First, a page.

Bellahouston Park

bellahouston-park-glasgowTel:  0141 287 5108

Admission:  Free

Opening Hours:  Bellahouston Park is open from dawn till dusk daily however the specific facilities within the park are subject to opening times.

Boasting formal gardens and open parkland in which to relax and take in some wonderful views of Glasgow, this extensive park has many features and facilities to tempt visitors to its grounds.  Quiet contemplation can also be had at the House for an Art Lover, and for the more active and adventurous there are extensive sports facilities, including a ski centre.

Bellahouston Park is a park in south west Glasgow, between the areas of Mosspark, Craigton, Ibrox, and Dumbreck.  It is based around Ibrox hill in the centre, with commanding views over most of the city.  Notable views include that of Ballageich hill, rising to 1,084 feet (330 m) on the southern horizon in East Renfrewshire.

History

Until the late 19th century, Bellahouston Park consisted of farmland as part of the Maxwell Estate, which also included much of the surrounding areas including Maxwell Park, Pollok Country Park, Pollok House and Haggs Castle, and also housed a riding school.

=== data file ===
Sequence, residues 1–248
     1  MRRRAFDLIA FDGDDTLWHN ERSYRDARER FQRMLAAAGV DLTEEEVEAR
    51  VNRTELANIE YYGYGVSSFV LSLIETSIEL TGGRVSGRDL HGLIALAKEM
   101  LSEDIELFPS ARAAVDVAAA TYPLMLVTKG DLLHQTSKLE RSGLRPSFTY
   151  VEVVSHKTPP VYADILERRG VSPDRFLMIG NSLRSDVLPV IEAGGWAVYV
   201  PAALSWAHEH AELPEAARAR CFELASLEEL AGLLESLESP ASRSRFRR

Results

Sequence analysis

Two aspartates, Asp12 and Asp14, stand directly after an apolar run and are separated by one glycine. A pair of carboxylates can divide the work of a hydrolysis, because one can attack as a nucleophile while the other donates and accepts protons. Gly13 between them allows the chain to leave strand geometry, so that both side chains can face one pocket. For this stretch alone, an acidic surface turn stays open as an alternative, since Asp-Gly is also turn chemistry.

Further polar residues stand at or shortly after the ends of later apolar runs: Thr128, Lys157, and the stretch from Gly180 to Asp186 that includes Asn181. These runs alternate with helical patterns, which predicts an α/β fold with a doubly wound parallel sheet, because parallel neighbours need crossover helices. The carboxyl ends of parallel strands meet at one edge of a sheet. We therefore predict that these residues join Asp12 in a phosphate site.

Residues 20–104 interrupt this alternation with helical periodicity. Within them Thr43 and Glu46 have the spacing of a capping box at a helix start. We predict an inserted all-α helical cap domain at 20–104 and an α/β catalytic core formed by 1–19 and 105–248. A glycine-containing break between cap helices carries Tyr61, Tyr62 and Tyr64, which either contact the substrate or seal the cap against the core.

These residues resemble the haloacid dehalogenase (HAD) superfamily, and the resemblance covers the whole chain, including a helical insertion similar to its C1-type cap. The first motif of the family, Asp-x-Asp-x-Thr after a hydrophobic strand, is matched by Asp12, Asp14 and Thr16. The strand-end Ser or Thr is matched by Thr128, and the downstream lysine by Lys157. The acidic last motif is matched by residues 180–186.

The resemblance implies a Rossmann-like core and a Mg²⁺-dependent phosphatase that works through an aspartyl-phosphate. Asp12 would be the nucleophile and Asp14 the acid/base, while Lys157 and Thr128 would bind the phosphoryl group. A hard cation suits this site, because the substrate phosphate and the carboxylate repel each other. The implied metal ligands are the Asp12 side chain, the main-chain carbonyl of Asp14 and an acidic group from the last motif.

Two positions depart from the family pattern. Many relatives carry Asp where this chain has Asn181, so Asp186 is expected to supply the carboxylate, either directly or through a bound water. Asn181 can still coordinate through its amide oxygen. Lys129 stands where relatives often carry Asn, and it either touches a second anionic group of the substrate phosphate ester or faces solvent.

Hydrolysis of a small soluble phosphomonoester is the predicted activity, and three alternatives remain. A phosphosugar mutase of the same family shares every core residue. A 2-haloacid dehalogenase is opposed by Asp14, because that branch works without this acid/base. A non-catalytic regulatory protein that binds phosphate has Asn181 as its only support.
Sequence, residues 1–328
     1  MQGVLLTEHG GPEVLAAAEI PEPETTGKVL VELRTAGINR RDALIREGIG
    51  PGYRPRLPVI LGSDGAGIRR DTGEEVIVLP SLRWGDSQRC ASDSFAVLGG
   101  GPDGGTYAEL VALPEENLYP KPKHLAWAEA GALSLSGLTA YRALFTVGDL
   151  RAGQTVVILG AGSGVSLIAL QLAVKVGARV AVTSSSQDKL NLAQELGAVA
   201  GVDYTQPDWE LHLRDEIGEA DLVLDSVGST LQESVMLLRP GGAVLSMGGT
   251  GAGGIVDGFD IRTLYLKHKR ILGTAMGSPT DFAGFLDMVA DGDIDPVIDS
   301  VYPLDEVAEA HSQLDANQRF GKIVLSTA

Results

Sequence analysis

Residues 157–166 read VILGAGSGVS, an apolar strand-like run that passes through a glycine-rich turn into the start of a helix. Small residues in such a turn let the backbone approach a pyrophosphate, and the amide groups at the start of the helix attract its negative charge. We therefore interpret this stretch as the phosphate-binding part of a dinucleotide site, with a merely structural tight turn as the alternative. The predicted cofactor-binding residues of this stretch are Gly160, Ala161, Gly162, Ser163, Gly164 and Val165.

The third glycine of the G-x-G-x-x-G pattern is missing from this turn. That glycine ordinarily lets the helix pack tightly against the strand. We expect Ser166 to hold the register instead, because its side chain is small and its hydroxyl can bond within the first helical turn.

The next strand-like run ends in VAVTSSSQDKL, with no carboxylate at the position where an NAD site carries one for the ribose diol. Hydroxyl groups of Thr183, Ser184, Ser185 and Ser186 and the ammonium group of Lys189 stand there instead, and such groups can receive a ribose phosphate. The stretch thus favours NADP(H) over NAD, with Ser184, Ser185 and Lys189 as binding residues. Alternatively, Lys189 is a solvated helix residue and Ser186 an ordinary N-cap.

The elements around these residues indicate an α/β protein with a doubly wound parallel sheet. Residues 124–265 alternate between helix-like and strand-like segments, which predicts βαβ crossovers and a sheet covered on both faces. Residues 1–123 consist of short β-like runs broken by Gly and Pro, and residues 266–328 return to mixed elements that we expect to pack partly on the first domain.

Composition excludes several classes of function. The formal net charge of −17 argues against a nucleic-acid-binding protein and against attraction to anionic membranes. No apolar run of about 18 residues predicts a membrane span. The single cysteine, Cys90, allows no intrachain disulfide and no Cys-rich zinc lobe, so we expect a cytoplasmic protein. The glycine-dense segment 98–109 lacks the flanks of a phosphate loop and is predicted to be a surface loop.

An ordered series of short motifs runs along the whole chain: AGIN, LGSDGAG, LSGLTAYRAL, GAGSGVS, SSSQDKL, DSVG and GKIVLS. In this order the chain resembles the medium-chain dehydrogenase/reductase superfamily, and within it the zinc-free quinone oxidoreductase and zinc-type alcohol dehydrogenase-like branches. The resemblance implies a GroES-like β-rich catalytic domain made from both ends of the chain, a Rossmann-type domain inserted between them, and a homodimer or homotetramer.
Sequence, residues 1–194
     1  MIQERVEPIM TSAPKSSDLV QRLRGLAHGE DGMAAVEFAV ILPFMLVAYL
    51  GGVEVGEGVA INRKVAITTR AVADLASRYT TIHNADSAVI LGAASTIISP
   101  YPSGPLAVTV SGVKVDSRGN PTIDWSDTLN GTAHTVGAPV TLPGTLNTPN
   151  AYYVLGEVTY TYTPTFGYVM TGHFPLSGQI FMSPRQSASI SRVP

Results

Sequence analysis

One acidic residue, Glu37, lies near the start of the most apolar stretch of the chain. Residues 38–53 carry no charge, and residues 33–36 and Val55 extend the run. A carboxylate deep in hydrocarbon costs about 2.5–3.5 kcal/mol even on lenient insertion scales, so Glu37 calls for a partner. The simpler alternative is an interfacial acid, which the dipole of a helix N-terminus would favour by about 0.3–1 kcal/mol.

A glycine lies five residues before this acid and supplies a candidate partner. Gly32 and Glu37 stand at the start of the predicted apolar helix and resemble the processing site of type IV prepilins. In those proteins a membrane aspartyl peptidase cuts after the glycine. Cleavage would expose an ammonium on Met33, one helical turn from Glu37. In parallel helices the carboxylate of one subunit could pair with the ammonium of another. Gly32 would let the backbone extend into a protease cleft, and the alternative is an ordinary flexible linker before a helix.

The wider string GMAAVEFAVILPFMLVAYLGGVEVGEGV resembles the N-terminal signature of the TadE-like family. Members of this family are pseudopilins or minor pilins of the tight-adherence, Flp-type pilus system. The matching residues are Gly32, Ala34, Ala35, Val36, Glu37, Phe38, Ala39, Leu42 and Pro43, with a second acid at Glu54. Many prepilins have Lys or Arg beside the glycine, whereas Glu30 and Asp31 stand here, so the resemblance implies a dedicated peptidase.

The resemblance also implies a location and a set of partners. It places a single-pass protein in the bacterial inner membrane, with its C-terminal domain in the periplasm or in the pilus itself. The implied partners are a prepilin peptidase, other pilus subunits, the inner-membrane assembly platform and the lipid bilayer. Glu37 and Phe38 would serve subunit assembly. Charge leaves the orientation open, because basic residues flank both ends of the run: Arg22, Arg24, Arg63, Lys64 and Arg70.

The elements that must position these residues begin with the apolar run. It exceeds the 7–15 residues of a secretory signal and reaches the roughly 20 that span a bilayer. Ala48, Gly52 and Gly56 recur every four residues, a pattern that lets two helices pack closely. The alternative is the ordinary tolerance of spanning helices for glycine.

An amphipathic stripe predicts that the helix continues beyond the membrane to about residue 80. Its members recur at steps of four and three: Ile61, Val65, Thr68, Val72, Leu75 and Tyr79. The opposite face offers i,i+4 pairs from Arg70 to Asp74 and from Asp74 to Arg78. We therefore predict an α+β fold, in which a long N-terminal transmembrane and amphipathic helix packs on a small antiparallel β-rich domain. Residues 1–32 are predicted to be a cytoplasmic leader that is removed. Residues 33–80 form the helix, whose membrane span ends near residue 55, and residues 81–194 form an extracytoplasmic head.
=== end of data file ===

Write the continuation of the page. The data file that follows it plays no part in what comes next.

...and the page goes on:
The main part of the park was acquired by GLasgow City in 1895 for the sum of £50,000, and opened to the public in 1896.  As Glasgow expanded, Bellahouston Park was surrounded to the west, south and east by housing and to the north by the “White City” stadium, built in 1928, which hosted greyhound and speedway racing (located close to Rangers’ stadium at Ibrox).  This site is now the M8 motorway and Glasgow G-Division Police Headquarters.

The park was extended in 1901 by the addition of a part of Dumbreck Lands purchased for the sum of £2,824 from Sir John Maxwell, Bart.  A further addition was made in 1903 by including the lands of Ibroxhill at a cost of £40,222.

The park has been used as a location for public events for many years, including the Empire Exhibition in 1938.  This event was attented by 12 .5 million people.  Despite this, the exhibition made a loss of £130,000.  Today, of the 200 palaces and pavilions that were built for the exhibition only the Palace of Art remains – it now serves as a Sports Excellence Centre.  A stone Peace Cairn built for the exhibition is still visible from the rock garden.  The Tait Tower was built on a hill in the park as part of the 1938 exhibition but was demolished on the outbreak of World War II.